Fuchsia is a gorgeous plant that provides dangling blooms in jewel-like colors throughout most of the summer. Although maintenance is generally uninvolved, regular pruning is sometimes needed to keep your fuchsia vibrant and blooming at its best. There are a lot of different ideas about how and when to prune fuchsias, and much depends on the type of plant and your climate. We’ve provided a few tips to get you started.
Pruning Fuchsia Plants
It helps to keep in mind that fuchsia produces blooms only on new wood, so there’s no need to worry about cutting off buds when you’re doing fuchsia pruning on old wood. Don’t be afraid of cutting back a fuchsia drastically if need be, as the plant will eventually rebound better and healthier than ever.
How to Prune Fuchsias
Trailing fuchsia – Commonly grown as an annual in most areas, trailing fuchsia (Fuchsia x hybrida) grows year round in the warm climates of USDA plant hardiness zones 10 and 11. This fuchsia is ideal for hanging baskets.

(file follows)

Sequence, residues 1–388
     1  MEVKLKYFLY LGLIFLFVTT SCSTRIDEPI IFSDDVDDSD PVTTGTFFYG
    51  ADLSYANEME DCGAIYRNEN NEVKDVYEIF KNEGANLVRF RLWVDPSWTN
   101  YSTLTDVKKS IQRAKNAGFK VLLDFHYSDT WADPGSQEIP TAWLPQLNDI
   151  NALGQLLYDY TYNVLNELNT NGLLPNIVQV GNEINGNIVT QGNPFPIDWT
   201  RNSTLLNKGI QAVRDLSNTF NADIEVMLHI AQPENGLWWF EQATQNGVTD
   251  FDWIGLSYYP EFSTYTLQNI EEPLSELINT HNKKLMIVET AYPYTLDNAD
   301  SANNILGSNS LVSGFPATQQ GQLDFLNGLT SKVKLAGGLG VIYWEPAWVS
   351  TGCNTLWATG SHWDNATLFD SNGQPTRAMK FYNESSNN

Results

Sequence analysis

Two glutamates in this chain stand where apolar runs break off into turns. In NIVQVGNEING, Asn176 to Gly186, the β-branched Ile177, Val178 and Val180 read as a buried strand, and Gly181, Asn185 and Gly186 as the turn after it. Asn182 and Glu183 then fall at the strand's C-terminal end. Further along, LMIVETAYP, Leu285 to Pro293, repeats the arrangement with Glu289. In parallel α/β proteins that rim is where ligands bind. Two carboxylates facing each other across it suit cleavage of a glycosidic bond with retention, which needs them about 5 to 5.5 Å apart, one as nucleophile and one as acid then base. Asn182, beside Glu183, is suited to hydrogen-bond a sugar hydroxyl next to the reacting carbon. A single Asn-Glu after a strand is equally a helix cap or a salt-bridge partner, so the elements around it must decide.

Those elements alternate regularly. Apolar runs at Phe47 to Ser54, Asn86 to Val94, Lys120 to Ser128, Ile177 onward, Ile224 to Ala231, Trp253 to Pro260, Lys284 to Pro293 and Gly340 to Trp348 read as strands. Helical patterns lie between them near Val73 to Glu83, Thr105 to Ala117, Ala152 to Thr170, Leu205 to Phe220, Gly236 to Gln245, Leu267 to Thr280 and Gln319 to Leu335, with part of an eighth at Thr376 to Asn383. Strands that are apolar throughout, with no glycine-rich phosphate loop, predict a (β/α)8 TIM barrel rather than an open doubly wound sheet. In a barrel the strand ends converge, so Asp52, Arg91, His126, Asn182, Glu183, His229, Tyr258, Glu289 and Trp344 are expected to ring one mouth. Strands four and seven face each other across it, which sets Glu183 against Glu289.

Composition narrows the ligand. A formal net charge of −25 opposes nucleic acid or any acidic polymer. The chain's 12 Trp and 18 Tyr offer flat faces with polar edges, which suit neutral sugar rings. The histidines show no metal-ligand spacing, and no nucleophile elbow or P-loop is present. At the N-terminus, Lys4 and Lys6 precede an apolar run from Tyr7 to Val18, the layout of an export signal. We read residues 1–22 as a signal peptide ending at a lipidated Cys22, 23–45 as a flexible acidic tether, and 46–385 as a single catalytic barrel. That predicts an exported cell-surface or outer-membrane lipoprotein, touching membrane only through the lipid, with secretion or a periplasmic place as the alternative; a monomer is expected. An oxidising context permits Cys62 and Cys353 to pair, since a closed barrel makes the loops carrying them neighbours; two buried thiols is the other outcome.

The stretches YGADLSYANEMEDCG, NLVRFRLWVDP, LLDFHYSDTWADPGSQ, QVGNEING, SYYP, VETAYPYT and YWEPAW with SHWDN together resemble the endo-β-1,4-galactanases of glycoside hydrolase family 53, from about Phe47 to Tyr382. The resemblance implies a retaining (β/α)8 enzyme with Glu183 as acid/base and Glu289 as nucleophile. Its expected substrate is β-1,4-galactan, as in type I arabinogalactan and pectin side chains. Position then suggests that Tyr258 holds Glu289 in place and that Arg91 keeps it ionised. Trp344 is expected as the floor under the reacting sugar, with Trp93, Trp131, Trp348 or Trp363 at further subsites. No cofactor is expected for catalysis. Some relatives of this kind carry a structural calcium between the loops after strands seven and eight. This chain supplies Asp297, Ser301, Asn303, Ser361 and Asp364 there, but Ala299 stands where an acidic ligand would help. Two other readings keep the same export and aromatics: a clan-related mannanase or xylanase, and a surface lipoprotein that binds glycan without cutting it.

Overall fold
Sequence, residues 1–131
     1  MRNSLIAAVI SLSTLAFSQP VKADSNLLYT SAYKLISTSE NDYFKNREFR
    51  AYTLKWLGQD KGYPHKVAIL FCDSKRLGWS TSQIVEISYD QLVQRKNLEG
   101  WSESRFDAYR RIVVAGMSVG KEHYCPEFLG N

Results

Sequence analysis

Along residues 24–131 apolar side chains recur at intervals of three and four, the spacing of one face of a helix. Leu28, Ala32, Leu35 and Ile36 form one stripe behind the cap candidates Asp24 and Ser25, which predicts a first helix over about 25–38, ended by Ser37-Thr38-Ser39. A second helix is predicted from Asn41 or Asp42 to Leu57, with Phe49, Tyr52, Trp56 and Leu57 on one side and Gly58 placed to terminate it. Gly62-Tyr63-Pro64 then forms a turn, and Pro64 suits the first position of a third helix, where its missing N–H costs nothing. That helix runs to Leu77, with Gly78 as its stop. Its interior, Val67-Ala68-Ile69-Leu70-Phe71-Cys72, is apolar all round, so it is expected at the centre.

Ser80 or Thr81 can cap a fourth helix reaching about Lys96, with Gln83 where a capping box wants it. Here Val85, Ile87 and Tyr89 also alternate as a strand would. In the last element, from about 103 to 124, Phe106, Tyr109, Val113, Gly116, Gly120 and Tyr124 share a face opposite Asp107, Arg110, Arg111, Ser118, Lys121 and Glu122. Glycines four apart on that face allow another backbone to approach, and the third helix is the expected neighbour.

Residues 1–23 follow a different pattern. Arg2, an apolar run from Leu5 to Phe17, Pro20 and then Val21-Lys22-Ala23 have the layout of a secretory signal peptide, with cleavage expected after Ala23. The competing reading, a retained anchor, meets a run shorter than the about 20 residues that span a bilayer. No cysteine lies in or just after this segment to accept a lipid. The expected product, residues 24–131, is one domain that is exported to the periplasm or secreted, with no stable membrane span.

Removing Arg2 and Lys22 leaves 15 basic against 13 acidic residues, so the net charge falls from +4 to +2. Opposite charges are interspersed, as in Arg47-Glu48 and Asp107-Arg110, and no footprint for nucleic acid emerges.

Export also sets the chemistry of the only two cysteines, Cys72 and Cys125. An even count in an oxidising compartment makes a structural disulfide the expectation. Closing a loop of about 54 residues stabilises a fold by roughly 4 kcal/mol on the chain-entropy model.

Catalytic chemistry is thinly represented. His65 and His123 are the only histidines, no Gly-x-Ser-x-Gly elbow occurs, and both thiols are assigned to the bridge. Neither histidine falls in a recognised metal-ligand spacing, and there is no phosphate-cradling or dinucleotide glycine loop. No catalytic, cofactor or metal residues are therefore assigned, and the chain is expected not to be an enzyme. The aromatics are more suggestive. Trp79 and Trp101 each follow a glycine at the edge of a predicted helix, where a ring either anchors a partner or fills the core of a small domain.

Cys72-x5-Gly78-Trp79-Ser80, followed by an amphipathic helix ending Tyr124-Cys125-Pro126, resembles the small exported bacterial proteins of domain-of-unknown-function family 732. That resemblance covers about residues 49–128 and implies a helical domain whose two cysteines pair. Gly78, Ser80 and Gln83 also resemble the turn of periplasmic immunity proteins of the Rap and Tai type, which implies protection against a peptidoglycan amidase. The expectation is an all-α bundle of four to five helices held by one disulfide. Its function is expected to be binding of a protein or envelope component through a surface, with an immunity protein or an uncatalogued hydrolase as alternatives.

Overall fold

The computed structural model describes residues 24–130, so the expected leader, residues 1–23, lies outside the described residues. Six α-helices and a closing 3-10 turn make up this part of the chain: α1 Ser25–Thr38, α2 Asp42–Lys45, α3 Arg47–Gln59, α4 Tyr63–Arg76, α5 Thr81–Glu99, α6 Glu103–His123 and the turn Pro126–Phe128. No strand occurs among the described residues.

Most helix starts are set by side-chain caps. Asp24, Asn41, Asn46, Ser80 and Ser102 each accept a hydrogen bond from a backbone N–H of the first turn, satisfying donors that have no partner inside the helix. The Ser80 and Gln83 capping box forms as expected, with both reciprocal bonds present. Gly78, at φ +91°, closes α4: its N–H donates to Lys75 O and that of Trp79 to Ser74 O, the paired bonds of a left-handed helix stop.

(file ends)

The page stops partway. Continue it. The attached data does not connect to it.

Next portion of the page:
Trailing fuchsia generally doesn’t need a lot of pruning, but you can always remove thin, weak or wayward growth as needed throughout the season to maintain a healthy, vigorous plant. Make cuts just above a node.
If you want to bring your trailing fuchsia indoors for the winter, cut it back to 6 inches (15 cm.) or less. If you live in zone 10 or 11, wait and prune the plant to reduce height or to remove thin or weak growth when new growth emerges in early spring.
Hardy fuchsia – Hardy fuchsia (Fuchsia magellanica) is a bushy perennial that grows year round in USDA zones 7 through 9. This tropical-looking shrub reaches mature heights of 6 to 10 feet (2 to 3 meters) and widths of about 4 feet (1.2 meters). The blooms, which are similar to those of trailing fuchsia, are followed by reddish-purple fruits.
Pruning isn’t usually necessary, although a light pruning in late autumn may be helpful if you live in a windy area. Otherwise, prune lightly in spring, if needed, to reduce height or to remove thin or weak growth.
Avoid pruning hardy fuchsia in winter unless you live in a warm, non-freezing climate.